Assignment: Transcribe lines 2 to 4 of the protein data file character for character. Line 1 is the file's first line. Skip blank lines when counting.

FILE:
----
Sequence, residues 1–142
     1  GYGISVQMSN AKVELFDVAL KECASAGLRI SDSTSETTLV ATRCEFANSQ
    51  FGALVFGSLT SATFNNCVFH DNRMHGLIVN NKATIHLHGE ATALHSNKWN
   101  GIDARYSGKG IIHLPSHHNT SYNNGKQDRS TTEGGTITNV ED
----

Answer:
     1  GYGISVQMSN AKVELFDVAL KECASAGLRI SDSTSETTLV ATRCEFANSQ
    51  FGALVFGSLT SATFNNCVFH DNRMHGLIVN NKATIHLHGE ATALHSNKWN
   101  GIDARYSGKG IIHLPSHHNT SYNNGKQDRS TTEGGTITNV ED